It’s been a fairly mild winter, overall, but still . . . winter. Cold days, snow, rain. I haven’t been out with my camera as much as I should (shoulda coulda woulda) due to foul weather and, well, because it’s just plain frigid out there!
But frigid can have its upside now and again.
I love a good snowfall. It means I get the walking paths all to myself. pic.twitter.com/v0z5FqJnId
— Nathan Branch (@NathanBranch) July 3, 2014
My cooking has consisted of comfort soups, roasts and stews. But that doesn’t mean I’m not stocking up on new cookbooks and dreaming of breezier days and better kitchens.
The house we’re presently renting was designed as a holiday house, so the kitchen is . . . “adequate”, I guess would be the right thing to call it. At first glance, it looks like it’ll do just fine — enough space, decent cooktop. But then I start to actually use it and all its shortcomings spring into sharp relief.
But is there truly such a thing as the perfect home kitchen?
Maybe I’m just using that unattainable, utopian vision as a good excuse to put off seriously rolling up my sleeves and getting the place dirty. But just when I start to think I might roll up my sleeves, after all, I suddenly remember that hey, it’s not really *my* kitchen (the renter’s lament) — so maybe I should wait until I’m in my very own home space before whipping up clouds of flour, steam and grease.
*NOTE: In other words: procrastination rules again. Back to the books!
Which means I’m counting down the days to *my* very own kitchen.
We’re due to break ground on the home build in the beginning of September. Or so that’s the plan. A lot of cards have to fall in the proper place before that can actually happen (it would help if it stopped raining so the driveways could be properly finished and signed-off on), but the house design process is cruising along nicely, and we’ve been scouting recycled timbers, furniture, fabrics, floor finishings, appliances, low-VOC stains, old lighting fixtures, rescued brick, ay yi yi.
Frankly, it’s all starting to make my head spin a bit. No wonder most home-buyers opt for spec homes. It saves a hell of a lot of headache.
But then, by going full custom, we’ll be getting the home we want (*he whispers over and over to himself, like a desperate mantra*).
Books I’ve been reading:
A.) “The Third Plate” by Dan Barber — honestly, I can’t recommend this book enough. It’s the food-world equivalent of Dana Thomas’ “Deluxe: How Luxury Lost Its Luster” (and you all know how much I love that book).
“The Third Plate” is an eye-opening exploration of how trendy designer menus at top flight restaurants (and on Food Network TV shows) have created an unsustainable mindset among diners. We’ve grown to love our heritage, organic vegetables and free-range, small-farm meats, but we also demand only the best of prime cuts and the most exotic of the produce, which leads to massive animal waste and overly intensive harvesting that the land & sea can’t support in the long term.
It’s a long-haul read, but definitely what I would consider a page-turner. I couldn’t put it down, and found myself nodding along to every single subject Mr. Barber addressed, from bird-friendly fish farms to natural foie gras to seasonal nose-to-tail eating.
Speaking of nose to tail:
B.) “The Complete Nose to Tail” by Fergus Henderson — I just received my copy today, because I’m one of those home chefs that Barber talks about, consistently selecting the choice cuts (shoulders, ribs, legs) instead of learning to work with the entire animal, and I want to break that cycle.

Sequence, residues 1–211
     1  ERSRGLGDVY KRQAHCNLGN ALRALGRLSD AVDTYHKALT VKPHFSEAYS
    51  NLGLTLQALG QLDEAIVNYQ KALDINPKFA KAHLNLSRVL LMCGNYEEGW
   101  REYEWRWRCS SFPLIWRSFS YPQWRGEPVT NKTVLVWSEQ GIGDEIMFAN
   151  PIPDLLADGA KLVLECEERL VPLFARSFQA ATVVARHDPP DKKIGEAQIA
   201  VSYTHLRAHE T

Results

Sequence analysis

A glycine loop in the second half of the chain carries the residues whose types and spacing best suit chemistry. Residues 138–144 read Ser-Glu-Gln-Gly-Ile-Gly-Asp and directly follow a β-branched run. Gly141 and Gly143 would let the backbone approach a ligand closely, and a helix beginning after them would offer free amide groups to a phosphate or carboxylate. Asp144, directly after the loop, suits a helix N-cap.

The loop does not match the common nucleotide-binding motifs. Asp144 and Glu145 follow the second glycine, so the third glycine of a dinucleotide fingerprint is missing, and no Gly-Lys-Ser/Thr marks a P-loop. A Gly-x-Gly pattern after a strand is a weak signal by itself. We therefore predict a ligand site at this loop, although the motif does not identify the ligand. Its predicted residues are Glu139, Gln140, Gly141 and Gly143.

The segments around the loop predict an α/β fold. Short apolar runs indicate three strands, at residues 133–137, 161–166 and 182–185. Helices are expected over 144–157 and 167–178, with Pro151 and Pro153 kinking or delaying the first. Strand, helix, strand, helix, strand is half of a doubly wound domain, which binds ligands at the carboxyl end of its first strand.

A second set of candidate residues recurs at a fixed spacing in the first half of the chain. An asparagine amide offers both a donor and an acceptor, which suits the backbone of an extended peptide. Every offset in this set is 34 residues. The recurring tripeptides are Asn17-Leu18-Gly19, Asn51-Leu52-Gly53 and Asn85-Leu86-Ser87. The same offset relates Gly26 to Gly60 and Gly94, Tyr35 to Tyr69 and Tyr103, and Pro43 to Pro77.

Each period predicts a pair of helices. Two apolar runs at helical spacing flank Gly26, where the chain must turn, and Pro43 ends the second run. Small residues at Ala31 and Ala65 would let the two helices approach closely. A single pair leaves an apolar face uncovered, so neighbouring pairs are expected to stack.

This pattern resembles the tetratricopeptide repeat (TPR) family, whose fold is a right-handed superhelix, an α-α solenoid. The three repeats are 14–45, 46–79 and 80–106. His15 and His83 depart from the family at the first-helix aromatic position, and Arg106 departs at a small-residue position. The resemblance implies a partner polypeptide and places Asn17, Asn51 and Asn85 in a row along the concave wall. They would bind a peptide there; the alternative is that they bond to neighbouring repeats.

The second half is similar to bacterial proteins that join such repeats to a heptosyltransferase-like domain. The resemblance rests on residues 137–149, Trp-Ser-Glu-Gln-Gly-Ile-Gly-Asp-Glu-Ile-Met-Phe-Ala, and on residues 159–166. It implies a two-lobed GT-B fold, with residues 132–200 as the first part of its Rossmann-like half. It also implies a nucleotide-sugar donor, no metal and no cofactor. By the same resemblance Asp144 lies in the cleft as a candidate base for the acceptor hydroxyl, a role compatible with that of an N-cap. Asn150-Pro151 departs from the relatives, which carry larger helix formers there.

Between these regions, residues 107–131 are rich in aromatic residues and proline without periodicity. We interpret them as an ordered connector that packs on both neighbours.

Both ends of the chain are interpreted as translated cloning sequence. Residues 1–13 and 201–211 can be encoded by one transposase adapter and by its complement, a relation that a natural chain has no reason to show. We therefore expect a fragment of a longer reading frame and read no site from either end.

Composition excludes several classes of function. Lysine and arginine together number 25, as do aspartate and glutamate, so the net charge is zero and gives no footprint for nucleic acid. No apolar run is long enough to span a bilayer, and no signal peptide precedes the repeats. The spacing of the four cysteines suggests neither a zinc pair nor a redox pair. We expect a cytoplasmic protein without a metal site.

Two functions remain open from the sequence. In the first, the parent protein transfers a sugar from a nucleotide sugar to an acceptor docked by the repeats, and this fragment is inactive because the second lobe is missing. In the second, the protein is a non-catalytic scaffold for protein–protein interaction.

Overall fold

It’ll certainly be an education, but I’ve rarely shied away from the lesser known cuts and organs when dining out (liver, kidney, intestines, tongue, trotters), but I’ve never cooked them at home — well, except for lamb kidneys, which I ruined (and which stank up the entire apartment in the process), so I never attempted again.
But Henderson’s book is so gorgeous, and the writing & recipes so very approachable, that maybe this time it’ll stick.
Pigs head, here I come!
*NOTE — I might, however, draw the line at his recipe for braised squirrel. Don’t ask me why, when I’m perfectly happy devouring nearly everything else. I think it may be the result of growing up in rural Michigan where wild squirrels were everywhere and considered to be filthy pests rather than potential dinner-plate fodder.
But never say never, right?
UPDATE (August 4th, 2014):
C.) Also, check out “Atul’s Curries of the World” by Atul Kochhar (considered one of the finest Indian chefs working in the West), “Afield: A Chef’s Guide to Preparing and Cooking Wild Game and Fish” by Jesse Griffiths (which reinforces Dan Barber’s sustainable and seasonal message), and “River Cottage Veg” by Hugh Fearnley-Whittingstall (because I badly need to up my game on vegetable cooking, and Whittingstall’s recipes are satisfyingly simple and consistently delicious).
Gee, can you tell we recently purchased some farm land?
New Zealand has truffle farms!
— Nathan Branch (@NathanBranch) August 2, 2014
I only just discovered the Limestone Hills farm, and then realised that we’re nearing the tail end of the black truffle season here in New Zealand. So I contacted the farm, found out their truffle-sniffing beagle had sussed out a nice sized Périgord black truffle just that morning, and had them send it to the chef at my favourite local food haunt.
Needless to say, I had a treat of a Sunday morning breakfast waiting for me when I barged through their door this past week.
These are truly the best of times (cue my blatant and obvious ignoring of the missiles flying elsewhere in the world).